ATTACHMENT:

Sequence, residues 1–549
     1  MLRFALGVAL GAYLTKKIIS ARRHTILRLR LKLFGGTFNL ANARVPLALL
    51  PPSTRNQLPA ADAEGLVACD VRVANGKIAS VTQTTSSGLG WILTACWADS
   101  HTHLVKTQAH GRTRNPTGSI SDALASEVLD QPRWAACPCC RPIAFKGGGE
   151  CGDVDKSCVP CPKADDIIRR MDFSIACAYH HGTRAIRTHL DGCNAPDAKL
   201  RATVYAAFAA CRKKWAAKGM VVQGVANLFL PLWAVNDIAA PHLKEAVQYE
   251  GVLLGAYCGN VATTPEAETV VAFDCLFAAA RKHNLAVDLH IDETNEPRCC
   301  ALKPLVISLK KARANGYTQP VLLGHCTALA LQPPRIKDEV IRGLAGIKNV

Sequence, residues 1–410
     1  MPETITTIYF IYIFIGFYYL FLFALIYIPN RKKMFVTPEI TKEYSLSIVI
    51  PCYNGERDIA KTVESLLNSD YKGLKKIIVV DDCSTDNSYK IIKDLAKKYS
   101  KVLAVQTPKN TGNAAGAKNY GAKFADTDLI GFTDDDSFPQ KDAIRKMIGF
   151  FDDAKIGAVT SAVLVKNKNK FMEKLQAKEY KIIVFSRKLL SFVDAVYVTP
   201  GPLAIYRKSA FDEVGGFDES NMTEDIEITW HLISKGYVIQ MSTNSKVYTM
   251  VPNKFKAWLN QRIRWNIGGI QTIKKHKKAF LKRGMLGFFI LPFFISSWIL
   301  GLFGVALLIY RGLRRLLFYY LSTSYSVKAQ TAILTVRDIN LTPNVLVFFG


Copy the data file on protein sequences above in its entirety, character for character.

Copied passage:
Sequence, residues 1–549
     1  MLRFALGVAL GAYLTKKIIS ARRHTILRLR LKLFGGTFNL ANARVPLALL
    51  PPSTRNQLPA ADAEGLVACD VRVANGKIAS VTQTTSSGLG WILTACWADS
   101  HTHLVKTQAH GRTRNPTGSI SDALASEVLD QPRWAACPCC RPIAFKGGGE
   151  CGDVDKSCVP CPKADDIIRR MDFSIACAYH HGTRAIRTHL DGCNAPDAKL
   201  RATVYAAFAA CRKKWAAKGM VVQGVANLFL PLWAVNDIAA PHLKEAVQYE
   251  GVLLGAYCGN VATTPEAETV VAFDCLFAAA RKHNLAVDLH IDETNEPRCC
   301  ALKPLVISLK KARANGYTQP VLLGHCTALA LQPPRIKDEV IRGLAGIKNV

Sequence, residues 1–410
     1  MPETITTIYF IYIFIGFYYL FLFALIYIPN RKKMFVTPEI TKEYSLSIVI
    51  PCYNGERDIA KTVESLLNSD YKGLKKIIVV DDCSTDNSYK IIKDLAKKYS
   101  KVLAVQTPKN TGNAAGAKNY GAKFADTDLI GFTDDDSFPQ KDAIRKMIGF
   151  FDDAKIGAVT SAVLVKNKNK FMEKLQAKEY KIIVFSRKLL SFVDAVYVTP
   201  GPLAIYRKSA FDEVGGFDES NMTEDIEITW HLISKGYVIQ MSTNSKVYTM
   251  VPNKFKAWLN QRIRWNIGGI QTIKKHKKAF LKRGMLGFFI LPFFISSWIL
   301  GLFGVALLIY RGLRRLLFYY LSTSYSVKAQ TAILTVRDIN LTPNVLVFFG